Breakfast is the most important meal of the day...isn't it?

Do we need to break(the)fast?


Breakfast is the most important meal of the day...isn't it?

 Well, that's what we always seem to hear. We read or hear this all the time; on social media, in the papers, from your parents, from your dieting work colleagues, from breakfast product marketing, and from health, fitness and medical professionals who have been led to believe the same.

 And, I'm big enough to own up to telling multiple clients this exact thing during the earlier stages of my career. This despite studying an undergraduate degree in sport and exercises sciences and learning from some top health boffins!


 This is a complete myth!

 There's now a plethora of evidence from research to show us that eating breakfast isn't the magical answer to living a healthier life, losing weight or turning you into a superhuman in the board room...sorry to tell you this devastating news if you're an avid breakfast eater!

 So, where does this myth come from?

 Well, apart from your mum telling you to eat your toast before you head out the door in the morning, we've been fed a bowl full of lies by a bunch of what we call observational studies. An observational study means that an outcome has been recorded after an intervention...however

 Observation or correlation doesn't mean causation!

 So, if something is observed, it may not actually tell us "why" that outcome occurred. But this is all very confusing when you read headlines in the Daily Mail telling us that "eating breakfast cereals results in a lower BMI", for example. The media is sadly very good at taking the outcomes of a study and creating a sensationalised headline...after all, they have something to sell!

 An interesting aspect to consider here is that it's been shown that breakfast skippers tend to lead worse lifestyles overall; i.e. they are less "health-seeking". So, this means that if somebody doesn't eat breakfast, they tend to make other "poor" lifestyle choices in general, such as not exercising, smoking, drinking excessive levels of alcohol, and going to bed later. But, what it categorically doesn't mean is that eating breakfast is better for you.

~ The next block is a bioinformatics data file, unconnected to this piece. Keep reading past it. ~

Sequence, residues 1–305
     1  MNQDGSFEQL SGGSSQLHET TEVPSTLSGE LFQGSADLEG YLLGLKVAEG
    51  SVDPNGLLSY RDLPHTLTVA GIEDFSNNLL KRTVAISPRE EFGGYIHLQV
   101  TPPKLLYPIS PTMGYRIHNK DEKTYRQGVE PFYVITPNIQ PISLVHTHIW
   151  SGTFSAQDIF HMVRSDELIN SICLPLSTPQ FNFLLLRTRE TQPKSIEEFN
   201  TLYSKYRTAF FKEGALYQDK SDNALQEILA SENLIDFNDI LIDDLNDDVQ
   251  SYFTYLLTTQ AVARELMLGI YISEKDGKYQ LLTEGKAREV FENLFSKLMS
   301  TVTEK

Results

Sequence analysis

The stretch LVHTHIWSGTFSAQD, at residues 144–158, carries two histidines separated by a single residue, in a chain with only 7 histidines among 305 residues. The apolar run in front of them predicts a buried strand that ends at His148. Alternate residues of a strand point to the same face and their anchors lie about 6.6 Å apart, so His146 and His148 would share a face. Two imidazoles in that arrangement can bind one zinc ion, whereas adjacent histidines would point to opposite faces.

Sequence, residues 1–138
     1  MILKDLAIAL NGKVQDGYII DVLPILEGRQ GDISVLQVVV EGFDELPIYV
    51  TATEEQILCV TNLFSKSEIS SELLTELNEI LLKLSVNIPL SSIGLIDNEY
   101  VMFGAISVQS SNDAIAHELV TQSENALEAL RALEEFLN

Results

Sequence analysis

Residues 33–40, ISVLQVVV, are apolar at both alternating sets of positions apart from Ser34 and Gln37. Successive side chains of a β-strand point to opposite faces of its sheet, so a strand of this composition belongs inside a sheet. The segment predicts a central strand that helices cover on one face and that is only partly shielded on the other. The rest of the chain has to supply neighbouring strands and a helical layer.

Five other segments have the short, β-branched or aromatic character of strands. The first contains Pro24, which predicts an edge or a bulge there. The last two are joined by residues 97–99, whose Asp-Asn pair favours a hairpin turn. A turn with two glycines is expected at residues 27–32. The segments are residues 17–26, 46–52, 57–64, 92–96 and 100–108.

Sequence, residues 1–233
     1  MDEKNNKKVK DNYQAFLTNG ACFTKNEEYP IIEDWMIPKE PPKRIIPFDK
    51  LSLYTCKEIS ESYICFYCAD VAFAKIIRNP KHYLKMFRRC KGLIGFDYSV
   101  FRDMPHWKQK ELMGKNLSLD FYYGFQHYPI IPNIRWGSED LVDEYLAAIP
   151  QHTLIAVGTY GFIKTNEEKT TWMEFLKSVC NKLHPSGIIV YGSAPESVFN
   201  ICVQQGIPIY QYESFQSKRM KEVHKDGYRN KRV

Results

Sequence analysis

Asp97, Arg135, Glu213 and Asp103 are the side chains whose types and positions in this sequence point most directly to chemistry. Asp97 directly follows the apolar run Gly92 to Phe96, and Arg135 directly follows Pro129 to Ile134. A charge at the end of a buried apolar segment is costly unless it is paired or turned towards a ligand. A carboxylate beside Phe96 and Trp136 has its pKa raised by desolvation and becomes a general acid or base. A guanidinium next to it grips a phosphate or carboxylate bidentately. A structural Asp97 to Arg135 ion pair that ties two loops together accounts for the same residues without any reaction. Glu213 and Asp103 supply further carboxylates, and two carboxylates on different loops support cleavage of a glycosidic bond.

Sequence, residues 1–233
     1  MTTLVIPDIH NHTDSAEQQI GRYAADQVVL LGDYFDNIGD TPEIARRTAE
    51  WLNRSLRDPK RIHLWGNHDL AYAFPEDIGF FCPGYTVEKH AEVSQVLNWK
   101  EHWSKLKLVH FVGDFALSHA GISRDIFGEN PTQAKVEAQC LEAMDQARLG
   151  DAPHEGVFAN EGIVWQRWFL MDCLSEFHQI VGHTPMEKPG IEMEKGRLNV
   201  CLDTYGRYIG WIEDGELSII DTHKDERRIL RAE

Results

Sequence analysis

We must look at the bigger picture!

 Interestingly, the Bath Breakfast Study (Betts et al. 2014) found that "contrary to popular belief, there was no metabolic adaptation to breakfast (resting metabolic rate remained stable), with limited subsequent suppression of appetite". This seems to pour cold water on the often-espoused view that eating breakfast "fires up your metabolism" to help you burn fat. Added to that, this study found that "cardiovascular health indexes were unaffected by either of the treatments".

 So, what does this mean for you?

 The key messages to take away here are that:


  • Eating breakfast is a personal choice - don't like it, don't eat it!
  • Skipping breakfast won't damage your metabolism
  • You don't burn more fat if you eat breakfast vs not eating breakfast
  • Losing weight requires a calorie deficit - this means that breakfast skipping might actually help you achieve this more easily!


Written by @chris_the_nutritionist